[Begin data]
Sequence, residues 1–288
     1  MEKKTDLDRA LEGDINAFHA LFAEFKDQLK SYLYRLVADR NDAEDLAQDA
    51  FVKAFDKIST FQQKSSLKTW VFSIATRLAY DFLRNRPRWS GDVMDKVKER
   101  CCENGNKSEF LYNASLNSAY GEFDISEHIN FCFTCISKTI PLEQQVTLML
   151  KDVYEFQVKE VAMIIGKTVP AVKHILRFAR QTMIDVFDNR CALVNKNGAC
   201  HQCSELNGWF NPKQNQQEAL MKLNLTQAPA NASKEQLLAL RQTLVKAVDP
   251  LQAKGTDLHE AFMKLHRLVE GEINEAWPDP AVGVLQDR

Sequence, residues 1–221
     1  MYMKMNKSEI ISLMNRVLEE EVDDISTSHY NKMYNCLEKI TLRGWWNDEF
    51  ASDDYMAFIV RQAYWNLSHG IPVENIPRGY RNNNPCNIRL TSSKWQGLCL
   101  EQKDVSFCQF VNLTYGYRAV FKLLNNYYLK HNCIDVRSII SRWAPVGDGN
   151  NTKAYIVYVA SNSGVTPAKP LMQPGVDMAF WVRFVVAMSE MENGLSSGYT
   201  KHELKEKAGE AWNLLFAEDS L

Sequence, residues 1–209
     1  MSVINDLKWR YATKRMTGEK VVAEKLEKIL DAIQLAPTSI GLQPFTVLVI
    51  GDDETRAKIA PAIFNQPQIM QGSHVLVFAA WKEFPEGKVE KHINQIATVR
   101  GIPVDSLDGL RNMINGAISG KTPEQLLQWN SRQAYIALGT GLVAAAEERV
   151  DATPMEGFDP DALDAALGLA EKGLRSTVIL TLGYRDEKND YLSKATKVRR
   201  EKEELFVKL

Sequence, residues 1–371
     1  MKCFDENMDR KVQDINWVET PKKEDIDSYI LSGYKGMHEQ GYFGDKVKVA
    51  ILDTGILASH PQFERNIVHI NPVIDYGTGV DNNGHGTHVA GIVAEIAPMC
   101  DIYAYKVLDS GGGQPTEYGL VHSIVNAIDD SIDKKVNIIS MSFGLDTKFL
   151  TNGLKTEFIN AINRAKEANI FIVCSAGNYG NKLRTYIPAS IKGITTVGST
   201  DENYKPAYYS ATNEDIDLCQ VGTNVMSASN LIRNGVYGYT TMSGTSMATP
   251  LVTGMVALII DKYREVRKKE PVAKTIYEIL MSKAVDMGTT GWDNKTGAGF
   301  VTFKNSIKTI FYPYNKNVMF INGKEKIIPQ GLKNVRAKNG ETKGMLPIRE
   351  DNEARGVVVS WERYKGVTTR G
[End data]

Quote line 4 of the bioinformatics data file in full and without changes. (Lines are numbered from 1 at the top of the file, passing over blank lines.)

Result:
   101  CCENGNKSEF LYNASLNSAY GEFDISEHIN FCFTCISKTI PLEQQVTLML